I graduated in 2003 and then continued on in the School of Geography and Environmental Sciences working as a Research Assistant on a lake ecology project and a palaeolimnology project. In 2004 I began my doctoral research into freshwater pollution pathways, working as a teaching assistant in the School at the same time. In 2007 and 2008 I briefly worked with the NIEA as a Water Quality Officer, with White Young Green as an Ecological Consultant and also as a private consultant. Following this I took up a position as a Countryside Management Advisor for DARD. In June 2013 I launched my own Ecological Consultancy, Kane Ecology, to provide ecological surveying and assessment services for the planning and conservation sectors.

Mike McLaughlin: Soil Scientist

I graduated in 1977 and then went on to do a M.Agr.Sc. in Soil Science at the University of Reading. I then worked in South Africa at the Soil and Irrigation Research Institute in Pretoria for 3 years as a soil chemist before starting a PhD at The University of Adelaide in Australia in 1983, graduating in 1986. After a postdoctoral fellowship with CSIRO Plant Industry Division in Canberra for 3 years, I moved to Melbourne to work in the fertilizer industry for the Australian Phosphate Corporation until 1991. I then moved back to Adelaide and commenced with CSIRO Division of Soils as a Research Scientist working on soil and environmental chemistry. I have been with CSIRO since and am now a CSIRO Fellow. I joined the University of Adelaide in 2004 as a Professor in the School of Agriculture Food and Wine and now lead the Mosaic-sponsored University of Adelaide Fertiliser Technology Research Centre. My undergraduate training at the University of Ulster stimulated my interest in soils, agriculture and environmental issues, and encouraged me to gain further qualifications in these areas where I have now specialised.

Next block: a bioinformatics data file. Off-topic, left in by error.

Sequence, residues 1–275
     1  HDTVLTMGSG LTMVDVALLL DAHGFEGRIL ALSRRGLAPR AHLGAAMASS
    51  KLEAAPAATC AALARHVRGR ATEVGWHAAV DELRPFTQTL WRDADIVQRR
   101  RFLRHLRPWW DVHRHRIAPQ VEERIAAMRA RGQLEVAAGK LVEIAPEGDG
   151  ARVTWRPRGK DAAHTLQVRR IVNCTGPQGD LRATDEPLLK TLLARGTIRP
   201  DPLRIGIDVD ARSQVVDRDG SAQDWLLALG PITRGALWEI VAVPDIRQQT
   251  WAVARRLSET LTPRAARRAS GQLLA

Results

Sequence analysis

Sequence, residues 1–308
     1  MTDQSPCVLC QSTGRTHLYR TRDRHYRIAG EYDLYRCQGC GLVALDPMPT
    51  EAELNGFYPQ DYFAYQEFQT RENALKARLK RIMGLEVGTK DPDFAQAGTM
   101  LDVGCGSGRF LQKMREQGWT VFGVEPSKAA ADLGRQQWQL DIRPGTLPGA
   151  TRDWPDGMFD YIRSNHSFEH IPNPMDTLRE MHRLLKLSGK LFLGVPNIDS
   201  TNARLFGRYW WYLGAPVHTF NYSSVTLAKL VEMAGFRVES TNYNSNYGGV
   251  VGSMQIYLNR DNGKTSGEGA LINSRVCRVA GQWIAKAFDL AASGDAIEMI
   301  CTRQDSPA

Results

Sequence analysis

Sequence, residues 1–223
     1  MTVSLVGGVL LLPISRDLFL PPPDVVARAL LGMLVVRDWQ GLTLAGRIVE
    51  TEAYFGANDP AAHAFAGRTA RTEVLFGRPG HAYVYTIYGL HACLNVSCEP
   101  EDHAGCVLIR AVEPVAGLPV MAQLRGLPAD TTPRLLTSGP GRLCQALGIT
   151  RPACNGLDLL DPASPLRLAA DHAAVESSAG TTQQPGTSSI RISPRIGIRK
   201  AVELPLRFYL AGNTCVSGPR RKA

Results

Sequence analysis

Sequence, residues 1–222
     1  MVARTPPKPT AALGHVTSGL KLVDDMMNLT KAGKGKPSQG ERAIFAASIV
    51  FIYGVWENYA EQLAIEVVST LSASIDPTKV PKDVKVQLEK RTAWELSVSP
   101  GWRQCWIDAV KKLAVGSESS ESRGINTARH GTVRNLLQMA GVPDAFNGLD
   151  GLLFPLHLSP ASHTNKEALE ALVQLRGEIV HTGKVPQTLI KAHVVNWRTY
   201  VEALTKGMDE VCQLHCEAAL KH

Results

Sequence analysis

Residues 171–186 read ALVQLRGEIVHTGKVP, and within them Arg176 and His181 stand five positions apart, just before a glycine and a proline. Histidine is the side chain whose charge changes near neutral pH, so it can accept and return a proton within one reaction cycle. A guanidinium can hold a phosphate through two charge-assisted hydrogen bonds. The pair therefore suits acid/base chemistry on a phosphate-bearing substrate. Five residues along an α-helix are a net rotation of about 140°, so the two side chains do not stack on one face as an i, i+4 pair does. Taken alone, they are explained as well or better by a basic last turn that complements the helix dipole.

Thomas Smyth: Numerical Modeller

I graduated from Ulster in 2009. After completing my undergraduate dissertation on simulating nearshore waves to predict beach slope, I became interested in continuing my studies and was awarded a PhD scholarship to study airflow and sediment transport dynamics in coastal dune blowouts. Following the completion of my PhD in 2012, I moved to Australia to work as a postdoctoral research fellow at Flinders University. The combination of field, lab and computation skills I developed at Ulster has enabled me to collaborate with a range of scientists investigating fluid dynamics in terrestrial, marine and Martian environments. The research involved in both my PhD and current role have also provided me the opportunities to travel throughout Europe, North America, Asia and Australasia to perform fieldwork and attend conferences.

Back to Careers